Insurer sues FBI for crashing seized Ferrari F50

Insurer sues FBI for crashing seized Ferrari F50

Feb 25, 2011

Insurer sues FBI for crashing seized Ferrari F50 When we think of law enforcement and Ferraris, we automatically think of the opening scenes of Beverly Hills Cop 2 where Inspector Todd warns Foley against damaging the Ferrari 328GTS he's requisitioned from the police impound for 'undercover' work.

Well, wisecracks and fish-out-of-water narrative aside, it seems like a certain FBI agent would have done well to heed Hollywood's warning after it emerged that a Ferrari F50 in the agency's possession was written off on a, erm, 'test run'.

According to The Detroit News, the story began back in 2003 when the car was pinched from a showroom in Pennsylvania. The dealership reported the car stolen and duly collected on the $750,000 insurance policy.

In 2008, the FBI recovered the F50 and told the insurers, but hung onto it while they waited to use it in the trial, and eventual conviction of the criminal. Fair enough. Unfortunately, in 2009, an assistant US attorney and an FBI agent decided to took the Ferrari for a quick spin while it was being moved.

According to an email written by the attorney the on the day of the accident, the agent lost control of the F50 almost immediately, and put the supercar into the weeds, effectively destroying it.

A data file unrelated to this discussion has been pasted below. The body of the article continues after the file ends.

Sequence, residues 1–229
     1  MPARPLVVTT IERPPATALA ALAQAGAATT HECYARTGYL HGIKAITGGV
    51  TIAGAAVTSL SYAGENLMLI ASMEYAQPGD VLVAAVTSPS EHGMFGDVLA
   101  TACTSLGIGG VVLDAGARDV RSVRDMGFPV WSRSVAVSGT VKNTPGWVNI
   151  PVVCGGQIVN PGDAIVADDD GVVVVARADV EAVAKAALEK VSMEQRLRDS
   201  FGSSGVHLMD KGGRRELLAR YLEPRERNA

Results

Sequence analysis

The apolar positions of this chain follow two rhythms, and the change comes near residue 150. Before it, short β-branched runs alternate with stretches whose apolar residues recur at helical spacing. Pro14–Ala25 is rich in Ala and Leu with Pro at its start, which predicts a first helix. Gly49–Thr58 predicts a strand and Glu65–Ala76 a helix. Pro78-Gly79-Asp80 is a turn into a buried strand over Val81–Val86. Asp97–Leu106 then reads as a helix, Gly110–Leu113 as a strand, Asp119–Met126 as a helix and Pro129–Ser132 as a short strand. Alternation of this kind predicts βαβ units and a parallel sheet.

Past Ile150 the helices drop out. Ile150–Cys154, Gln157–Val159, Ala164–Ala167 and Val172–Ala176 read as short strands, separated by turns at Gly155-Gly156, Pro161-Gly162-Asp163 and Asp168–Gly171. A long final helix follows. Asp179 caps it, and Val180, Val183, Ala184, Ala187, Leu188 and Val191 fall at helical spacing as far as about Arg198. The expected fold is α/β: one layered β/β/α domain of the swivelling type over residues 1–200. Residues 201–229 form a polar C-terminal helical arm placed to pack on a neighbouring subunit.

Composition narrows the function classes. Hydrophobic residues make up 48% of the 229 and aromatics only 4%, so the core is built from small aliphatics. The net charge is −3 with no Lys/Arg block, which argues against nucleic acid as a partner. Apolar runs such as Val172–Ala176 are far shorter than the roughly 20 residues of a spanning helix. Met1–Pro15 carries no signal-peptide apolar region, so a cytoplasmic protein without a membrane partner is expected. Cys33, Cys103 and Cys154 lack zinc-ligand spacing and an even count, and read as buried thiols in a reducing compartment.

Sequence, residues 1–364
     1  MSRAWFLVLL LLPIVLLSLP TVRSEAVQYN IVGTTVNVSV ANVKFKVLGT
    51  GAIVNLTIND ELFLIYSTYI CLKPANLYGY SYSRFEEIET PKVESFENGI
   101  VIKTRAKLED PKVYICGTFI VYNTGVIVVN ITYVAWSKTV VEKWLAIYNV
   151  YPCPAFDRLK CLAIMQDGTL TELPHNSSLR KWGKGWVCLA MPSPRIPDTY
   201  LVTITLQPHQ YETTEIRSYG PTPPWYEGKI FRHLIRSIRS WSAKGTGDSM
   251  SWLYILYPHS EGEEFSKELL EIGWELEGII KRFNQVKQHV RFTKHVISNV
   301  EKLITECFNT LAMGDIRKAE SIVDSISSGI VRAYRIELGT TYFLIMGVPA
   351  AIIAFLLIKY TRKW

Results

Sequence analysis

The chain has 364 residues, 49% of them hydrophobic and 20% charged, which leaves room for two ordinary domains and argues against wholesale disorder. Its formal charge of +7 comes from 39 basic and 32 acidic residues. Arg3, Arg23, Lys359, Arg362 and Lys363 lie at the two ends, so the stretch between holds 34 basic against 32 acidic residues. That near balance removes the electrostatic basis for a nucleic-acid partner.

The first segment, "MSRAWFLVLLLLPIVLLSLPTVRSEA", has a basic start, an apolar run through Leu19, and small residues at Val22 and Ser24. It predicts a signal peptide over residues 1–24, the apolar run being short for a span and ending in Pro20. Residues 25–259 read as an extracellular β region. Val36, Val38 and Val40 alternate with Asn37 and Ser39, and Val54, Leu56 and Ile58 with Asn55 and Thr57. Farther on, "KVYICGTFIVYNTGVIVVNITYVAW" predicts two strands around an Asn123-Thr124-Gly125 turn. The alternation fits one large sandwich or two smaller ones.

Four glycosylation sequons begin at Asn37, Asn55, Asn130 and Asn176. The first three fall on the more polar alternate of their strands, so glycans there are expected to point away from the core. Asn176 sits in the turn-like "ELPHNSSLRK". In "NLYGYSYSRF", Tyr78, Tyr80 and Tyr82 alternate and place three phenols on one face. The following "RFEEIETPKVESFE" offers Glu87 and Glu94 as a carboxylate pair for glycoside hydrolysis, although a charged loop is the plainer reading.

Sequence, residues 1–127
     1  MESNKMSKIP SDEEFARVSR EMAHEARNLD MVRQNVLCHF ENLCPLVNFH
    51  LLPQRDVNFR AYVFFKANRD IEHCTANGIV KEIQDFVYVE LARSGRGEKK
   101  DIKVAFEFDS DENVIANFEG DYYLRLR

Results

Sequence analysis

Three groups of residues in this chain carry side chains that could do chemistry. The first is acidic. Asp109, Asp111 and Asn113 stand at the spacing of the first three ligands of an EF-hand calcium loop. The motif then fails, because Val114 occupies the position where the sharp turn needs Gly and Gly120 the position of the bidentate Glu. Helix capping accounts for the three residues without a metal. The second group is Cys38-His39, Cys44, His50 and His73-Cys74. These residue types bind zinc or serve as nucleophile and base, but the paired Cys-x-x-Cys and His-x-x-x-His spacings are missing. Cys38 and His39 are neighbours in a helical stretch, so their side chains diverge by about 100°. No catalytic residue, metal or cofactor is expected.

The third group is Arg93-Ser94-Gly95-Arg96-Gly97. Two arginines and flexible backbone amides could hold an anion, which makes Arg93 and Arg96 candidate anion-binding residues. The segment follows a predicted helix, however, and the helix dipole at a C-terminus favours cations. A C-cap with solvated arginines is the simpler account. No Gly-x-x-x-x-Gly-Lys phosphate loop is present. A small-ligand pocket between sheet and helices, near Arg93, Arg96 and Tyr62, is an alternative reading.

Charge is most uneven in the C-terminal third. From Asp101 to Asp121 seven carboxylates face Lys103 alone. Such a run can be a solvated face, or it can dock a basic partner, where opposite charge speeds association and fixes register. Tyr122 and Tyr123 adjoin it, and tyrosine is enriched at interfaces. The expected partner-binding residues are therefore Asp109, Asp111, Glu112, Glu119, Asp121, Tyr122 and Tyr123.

Of course, by this time, the Ferrari was legally the property of Motors Insurance, who promptly filed for $750,000 in damages. This was rejected by the Justice Department last year as they said the accident occurred while the car was detained by the FBI, and was therefore exempt from such a claim.

Following an appeal and a denied request for details of the accident via the Freedom of Information Act, the insurance company yesterday filed suit in an attempt to force the agency to reveal the exact details of what happened during the crash.

It all sounds very messy and unpleasant. Although, now we think about it, at the moment it's the insurers carrying the can rather than some Inspector Todd-style authority figure within the FBI. So perhaps this is exactly the way Axel Foley would have played the whole affair after all.